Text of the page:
Once we left Death Valley, we were suffering from what I like to call “beauty exhaustion.” This is a state in which one has been so consistently surrounded by majestic views and gorgeous mountains striped and marbled with a rainbow of colors that your brain reaches a point of saturation, and you can still see these things, and you know intellectually that they’re amazing, but you are now numbed to it. Unable to respond to them on any kind of an emotional level.
“Oh look, another stunning vista.”
“What, another one? What’s the next town?”
We had spent most of the last two days in the countryside, surrounded by natural beauty, both stark and magnificent. We had spent long hours on empty highways, and towns were our lifeline. More than that, they were a source of comfort to us; driving through a town was an assurance that we were not going to end up stuck in the desert, chewing charred meat from the bones of ground squirrels and suffering the sliminess of poorly prepared nopales, slowly dying of thirst. I think that hitting the tire in Nevada and the punishing heat of Death Valley both drove home how much our lives really depended on the Chrysler. This is a feeling that I don’t remember from our previous trips, but our previous trips weren’t through some of the nation’s hottest country in the height of summer. Those trips were in the spring, and there were times I needed a sweatshirt… and no times at all that I was aware of the possibility of dying from heat and thirst.
This was different.
The next town was Death Valley Junction, California (formerly Amargosa, California), population: four. Yes, four. I had been so hopeful… but the “town” consisted only of a couple of old buildings, one being the large hotel and theater complex. We were lured in by a hand-painted sign offering ice cream. The parking lot was massive and empty, and the sidewalks cracked.
The hotel was staffed by one cranky middle aged woman in glasses, who sold us each a pre-packaged ice cream from a chest freezer in the gift shop. It was such a small sale that I regretted even having troubled her with it. The theater was closed up with padlocks and in one case, a cleverly twisted wire hanger.
We found ice and provisions but no California State map in Shoshone, and ended up picking up a map at a Mexican grocery in Baker, CA. The entrance to Mojave National Preserve was just across the street from where we were.
So we set off. The Mojave was some of the flattest, emptiest country that we drove through. There was a gentle climb in elevation, and it was fascinating to see how far up we had to go before the weather became moderate enough to support even the prehistoric-looking joshua trees.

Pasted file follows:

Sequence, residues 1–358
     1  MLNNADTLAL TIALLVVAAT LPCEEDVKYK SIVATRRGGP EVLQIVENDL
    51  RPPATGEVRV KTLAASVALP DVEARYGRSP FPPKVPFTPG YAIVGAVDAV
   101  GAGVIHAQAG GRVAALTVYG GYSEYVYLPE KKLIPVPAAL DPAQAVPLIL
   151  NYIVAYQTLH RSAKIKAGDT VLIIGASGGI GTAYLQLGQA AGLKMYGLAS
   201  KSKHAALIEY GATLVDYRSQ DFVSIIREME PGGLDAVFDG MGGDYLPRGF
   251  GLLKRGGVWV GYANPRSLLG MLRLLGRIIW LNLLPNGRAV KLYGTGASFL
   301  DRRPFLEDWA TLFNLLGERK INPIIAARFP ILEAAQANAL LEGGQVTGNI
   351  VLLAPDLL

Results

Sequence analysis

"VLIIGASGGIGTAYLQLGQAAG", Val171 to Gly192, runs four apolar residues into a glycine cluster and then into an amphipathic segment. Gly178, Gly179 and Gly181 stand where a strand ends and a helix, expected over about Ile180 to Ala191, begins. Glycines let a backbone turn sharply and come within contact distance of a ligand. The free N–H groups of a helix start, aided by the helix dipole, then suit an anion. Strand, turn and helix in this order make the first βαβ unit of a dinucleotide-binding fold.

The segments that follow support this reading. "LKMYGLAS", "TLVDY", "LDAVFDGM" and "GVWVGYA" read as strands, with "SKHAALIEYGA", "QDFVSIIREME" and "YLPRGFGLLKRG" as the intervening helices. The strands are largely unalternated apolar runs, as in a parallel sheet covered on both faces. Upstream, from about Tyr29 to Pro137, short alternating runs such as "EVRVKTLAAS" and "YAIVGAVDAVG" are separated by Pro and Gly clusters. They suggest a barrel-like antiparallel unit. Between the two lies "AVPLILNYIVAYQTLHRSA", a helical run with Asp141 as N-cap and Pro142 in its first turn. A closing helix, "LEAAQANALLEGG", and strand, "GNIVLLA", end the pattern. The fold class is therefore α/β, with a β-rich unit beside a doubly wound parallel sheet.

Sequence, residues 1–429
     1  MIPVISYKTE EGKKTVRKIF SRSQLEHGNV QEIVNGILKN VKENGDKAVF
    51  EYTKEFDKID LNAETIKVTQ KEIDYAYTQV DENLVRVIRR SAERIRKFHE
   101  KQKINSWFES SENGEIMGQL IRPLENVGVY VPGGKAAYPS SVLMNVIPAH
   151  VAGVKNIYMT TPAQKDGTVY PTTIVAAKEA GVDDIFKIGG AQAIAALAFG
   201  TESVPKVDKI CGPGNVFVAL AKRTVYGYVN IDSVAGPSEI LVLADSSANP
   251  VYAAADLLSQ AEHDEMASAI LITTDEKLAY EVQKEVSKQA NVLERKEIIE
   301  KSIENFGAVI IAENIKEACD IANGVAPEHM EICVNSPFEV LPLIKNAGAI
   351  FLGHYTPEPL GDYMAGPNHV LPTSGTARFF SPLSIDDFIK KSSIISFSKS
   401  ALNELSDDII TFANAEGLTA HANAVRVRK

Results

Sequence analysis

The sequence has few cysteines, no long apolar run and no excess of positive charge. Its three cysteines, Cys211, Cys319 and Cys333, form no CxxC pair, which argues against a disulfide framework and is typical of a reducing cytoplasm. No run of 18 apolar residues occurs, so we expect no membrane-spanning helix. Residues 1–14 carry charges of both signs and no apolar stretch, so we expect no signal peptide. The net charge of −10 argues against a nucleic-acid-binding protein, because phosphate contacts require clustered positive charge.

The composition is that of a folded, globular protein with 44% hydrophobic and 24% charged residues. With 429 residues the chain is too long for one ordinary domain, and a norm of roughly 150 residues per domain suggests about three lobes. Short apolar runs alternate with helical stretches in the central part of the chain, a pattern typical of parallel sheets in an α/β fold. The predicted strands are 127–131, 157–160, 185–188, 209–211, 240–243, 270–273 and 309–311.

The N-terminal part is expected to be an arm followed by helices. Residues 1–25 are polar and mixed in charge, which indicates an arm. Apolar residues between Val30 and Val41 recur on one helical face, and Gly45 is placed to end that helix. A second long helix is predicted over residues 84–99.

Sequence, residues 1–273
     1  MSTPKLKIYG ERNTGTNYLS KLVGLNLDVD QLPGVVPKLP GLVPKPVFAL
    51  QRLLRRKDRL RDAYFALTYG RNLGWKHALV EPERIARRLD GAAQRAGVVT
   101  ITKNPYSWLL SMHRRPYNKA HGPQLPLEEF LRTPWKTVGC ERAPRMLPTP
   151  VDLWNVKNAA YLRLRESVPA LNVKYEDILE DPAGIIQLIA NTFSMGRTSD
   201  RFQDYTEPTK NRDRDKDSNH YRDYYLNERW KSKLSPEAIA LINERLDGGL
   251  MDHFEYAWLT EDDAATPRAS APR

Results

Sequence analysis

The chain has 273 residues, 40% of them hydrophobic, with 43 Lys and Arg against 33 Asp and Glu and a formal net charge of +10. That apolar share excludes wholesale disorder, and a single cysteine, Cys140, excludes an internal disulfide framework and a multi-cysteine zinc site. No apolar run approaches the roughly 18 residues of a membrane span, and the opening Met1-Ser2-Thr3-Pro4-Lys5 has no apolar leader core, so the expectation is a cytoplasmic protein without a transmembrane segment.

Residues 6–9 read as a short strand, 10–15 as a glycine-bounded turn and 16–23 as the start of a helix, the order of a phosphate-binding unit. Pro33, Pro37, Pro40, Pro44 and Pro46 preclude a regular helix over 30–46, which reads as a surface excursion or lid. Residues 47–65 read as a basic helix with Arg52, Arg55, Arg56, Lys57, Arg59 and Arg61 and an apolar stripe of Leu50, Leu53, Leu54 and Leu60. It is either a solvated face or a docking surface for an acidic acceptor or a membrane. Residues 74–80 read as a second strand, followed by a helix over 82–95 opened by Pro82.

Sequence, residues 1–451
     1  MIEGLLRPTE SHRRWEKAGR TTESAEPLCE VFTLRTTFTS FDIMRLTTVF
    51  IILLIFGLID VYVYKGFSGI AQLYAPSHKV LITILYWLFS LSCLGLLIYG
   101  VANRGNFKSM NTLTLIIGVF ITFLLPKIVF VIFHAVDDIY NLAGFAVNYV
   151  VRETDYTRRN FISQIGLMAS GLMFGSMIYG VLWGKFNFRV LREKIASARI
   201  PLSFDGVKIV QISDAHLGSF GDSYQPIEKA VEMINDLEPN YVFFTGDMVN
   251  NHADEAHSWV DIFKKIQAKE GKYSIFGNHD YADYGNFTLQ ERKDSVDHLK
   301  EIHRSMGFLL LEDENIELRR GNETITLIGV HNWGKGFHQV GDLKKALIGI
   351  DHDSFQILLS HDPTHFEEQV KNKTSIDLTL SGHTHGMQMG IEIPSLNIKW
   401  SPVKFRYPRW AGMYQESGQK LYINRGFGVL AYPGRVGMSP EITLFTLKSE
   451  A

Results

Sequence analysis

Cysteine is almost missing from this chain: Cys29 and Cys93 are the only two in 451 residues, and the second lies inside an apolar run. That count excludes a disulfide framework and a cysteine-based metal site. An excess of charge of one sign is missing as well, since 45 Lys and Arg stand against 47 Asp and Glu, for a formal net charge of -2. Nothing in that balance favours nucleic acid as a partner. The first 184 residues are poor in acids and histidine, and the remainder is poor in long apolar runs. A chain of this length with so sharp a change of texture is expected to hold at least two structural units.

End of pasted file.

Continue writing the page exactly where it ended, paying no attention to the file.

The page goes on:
Mojave was supposed to be a major part of the trip. I had wanted to see Hole-In-The-Wall Canyon, and the Kelso Dunes, and we were scheduled to spend last night at Hole-In-The-Wall Campground. Still a day behind. We picked up a map at Kelso, a ghost town and ranger station inside the preserve, and decided that Hole-In-The-Wall was too far to backtrack to. We needed to make up that time somewhere. The road out to the Kelso dunes was too rough for us to trust the Chrysler, with its already badly beat up front end. With a keen feeling of disappointment, we more or less ended up simply driving straight through the Mojave.
Our road brought us to Route 66, one of our favorite highways. We headed west on 66 and came to Amboy, California. We saw the big fifties style sign for Amboy Roy’s Cafe… from our previous travels, the huge old signs had become associated with delicious burgers in my mind and we stopped. I went inside and found that it was more or less a convenience store.
“Excuse me,” I said to the man inside, “do you know where in town we might find a hamburger?”
“This is it.”
“This is the town.”
“Oh,” then desperately, “do you have hamburgers?”
“No kitchen,” he said.
The store was full of mementos from Amboy Roy’s glory days, photo albums of bikers and scantily dressed women at the diner.
We moved on.
We headed south on North Amboy Road, and we passed monstrous heaps and berms of earth. At first we speculated as to what they could be, but on the other side of the road, nestled between two of the berms, we saw a long, rectangular pool of water. The water inside was clear blue-green, vivid under the midday sky, and it was rimmed in white crusts.
It was an evaporation pool. They were wringing salt from the soil of the desert.
A bit further down, we found an old, burned out trailer. It had been a handsome little thing at some point, pink with bright chromed trim. Now gutted, it sagged hopelessly to one side. Someone had loved this place… someone had at least cared about it enough to mark paths through the native vegetation with borders of small stones. Inside was the carcass of a little propane cook stove.
We continued along North Amboy, and it began to slope downwards. We were heading into Wonder Valley.